By Stephen Rodgers
Lake Plan View, Waterfall Seal Detail Version1, Waterfall Seal Detail Version 2 ~10.4 GIFs
As the engineering for the sump became more complicated and less physical, my digging efforts had been transferred 2 metres up the garden, to the lake. At the edge furthest from the kitchen the level of the soil had been built up to nearly 60cms above the patio level. I wanted the water level in the the lake to be just below the patio, I wanted a waterfall and along the rest of that face I wanted a 'cliff' or rockface effect. All of this is pretty conventional aquatic gardening, and in my last pond I had had a problem concealing the polythene edges, so in this one I resolved to conceal all the edges by supplying other, more attractive edges.
The lake is all straight sided with the deepest point along the edge of the patio. The waterfall takes care of some of the edges, and for the others I used concrete gravel boards, set in cement on top of and inside the polythene. The plastic supplies the water seal, the concrete supplies the aesthetic edge.
These gravel boards can be found in the same section of the builders merchants as the slotted fence posts. To build a fence you are supposed to use a line of posts, with a 'gravel board' dropped down the slots to form a bottom edge, the wooden fence panel then sits in the the slots, on top of the gravel board, without being in contact with the soil. The boards come in various designs, some plain, some more ornate. I chose quite an ornate model.
The waterfall was built onto a brick foundation, in rather pretty 'mini bricks', which are identical to real bricks, but half the dimensions. I wanted the water to fall into as deep water as possible, to give the fish something to play with, so it was built on the edge of the foundation, with a small fillet of mortar right at the base supplying a curved edge for the polythene to sit on.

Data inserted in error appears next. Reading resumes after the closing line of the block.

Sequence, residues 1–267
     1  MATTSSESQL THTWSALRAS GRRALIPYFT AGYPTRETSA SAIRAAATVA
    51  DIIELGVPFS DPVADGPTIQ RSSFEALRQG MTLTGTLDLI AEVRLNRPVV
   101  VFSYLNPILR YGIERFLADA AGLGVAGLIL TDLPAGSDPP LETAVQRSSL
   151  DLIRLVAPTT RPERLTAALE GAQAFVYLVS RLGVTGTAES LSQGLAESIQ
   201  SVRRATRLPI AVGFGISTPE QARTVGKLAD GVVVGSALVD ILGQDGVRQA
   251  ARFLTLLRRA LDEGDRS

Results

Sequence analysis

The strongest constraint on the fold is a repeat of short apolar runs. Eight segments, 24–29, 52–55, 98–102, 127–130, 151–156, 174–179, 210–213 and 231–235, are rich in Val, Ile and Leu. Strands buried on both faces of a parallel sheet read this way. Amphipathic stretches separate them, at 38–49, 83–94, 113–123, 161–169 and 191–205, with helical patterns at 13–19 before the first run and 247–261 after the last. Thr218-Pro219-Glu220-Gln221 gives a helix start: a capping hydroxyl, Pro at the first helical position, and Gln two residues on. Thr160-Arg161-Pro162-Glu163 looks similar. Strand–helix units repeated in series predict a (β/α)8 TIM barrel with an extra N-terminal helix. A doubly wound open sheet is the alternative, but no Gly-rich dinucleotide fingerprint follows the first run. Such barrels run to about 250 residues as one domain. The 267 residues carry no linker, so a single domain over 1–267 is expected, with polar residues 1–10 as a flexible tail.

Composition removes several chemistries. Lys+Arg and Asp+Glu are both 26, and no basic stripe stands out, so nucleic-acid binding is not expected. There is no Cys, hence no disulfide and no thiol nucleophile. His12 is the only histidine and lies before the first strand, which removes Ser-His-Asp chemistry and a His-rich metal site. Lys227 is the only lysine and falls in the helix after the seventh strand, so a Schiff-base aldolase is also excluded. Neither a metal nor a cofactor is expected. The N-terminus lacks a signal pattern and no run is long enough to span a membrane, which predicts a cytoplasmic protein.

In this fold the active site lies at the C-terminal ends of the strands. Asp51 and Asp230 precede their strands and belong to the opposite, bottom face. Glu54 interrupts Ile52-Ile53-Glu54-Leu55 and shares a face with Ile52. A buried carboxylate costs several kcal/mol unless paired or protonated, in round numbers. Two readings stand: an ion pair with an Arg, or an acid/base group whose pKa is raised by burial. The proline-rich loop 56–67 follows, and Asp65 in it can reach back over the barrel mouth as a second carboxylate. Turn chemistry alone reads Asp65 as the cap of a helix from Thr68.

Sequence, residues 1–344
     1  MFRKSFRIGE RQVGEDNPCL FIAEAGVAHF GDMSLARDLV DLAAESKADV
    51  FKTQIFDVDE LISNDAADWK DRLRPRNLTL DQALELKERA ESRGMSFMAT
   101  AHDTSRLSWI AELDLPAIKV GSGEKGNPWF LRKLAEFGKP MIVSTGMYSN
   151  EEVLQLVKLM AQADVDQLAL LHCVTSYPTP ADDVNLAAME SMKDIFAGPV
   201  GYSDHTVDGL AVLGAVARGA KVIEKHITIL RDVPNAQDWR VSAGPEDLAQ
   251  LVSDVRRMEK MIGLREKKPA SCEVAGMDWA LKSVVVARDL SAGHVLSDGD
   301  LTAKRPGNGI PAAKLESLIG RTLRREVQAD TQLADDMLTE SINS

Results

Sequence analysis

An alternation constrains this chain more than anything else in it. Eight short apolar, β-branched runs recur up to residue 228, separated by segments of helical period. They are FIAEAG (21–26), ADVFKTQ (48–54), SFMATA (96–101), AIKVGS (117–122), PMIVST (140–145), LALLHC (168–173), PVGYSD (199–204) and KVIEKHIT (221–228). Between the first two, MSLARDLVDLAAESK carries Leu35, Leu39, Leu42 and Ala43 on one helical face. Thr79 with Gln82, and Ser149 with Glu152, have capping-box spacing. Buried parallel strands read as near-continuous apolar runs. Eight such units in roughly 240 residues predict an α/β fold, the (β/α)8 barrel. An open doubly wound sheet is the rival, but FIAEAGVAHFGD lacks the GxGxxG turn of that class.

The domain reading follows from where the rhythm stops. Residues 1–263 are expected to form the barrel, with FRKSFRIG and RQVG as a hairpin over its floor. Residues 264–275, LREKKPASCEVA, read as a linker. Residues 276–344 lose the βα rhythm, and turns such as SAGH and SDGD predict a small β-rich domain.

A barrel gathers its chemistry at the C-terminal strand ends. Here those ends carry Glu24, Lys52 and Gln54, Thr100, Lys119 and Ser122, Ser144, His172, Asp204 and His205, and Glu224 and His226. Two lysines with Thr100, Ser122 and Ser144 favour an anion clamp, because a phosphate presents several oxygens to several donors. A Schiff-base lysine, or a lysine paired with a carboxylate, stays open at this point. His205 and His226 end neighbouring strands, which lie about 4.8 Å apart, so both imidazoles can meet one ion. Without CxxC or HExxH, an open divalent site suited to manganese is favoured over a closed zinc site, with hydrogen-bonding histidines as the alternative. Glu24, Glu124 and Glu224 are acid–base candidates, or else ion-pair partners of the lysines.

To date, all my bricklaying had been with old used bricks. The mini bricks were new and very dry - if you apply mortar to dry bricks it dries and becomes like sand. Soak all new bricks before use.
Splashing quite a lot of water around when bricklaying is quite a good idea - provided you have a good wire brush to hand. Just before the mortar sets hard this can be used to remove mortar splashes and generally clean up the face of the wall.
With the wall built, the hole lined with newspaper and the polythene liner in place but not trimmed, I used the pump for the first time 'in anger' to temporarily fill the lake. This allowed the liner to take up the shape of the hole. I then pumped most of the water back into the sump, put a lot of concrete onto the polythene at edges B, F & G, and set the gravel boards into place.
When that was set, I drained the pool completely and threw a 5cm layer of coarse concrete into the bottom. When, in turn, that was set I was able to stand on it and set the edge of the trimmed liner into concrete, carefully insuring that the polythene had concrete on both sides of it, to provide a waterproof seal. A lot of care was taken to produce a beautifully sculpted and smooth fillet, with the waterfall set to fall into at least 10cm deep water.
The other complication was the overflow drain which takes the water from the lake, and feeds it back into the sump. I had set a piece of timber 1cm * 5cms along edge A, with a 15cm notch cut 2cms deep towards one end. I then nailed the liner (above the waterline) to this edge, pulled the excess liner into the notch, and sculpted a drain to connect the two bodies of water together. This all lives under one paving slab.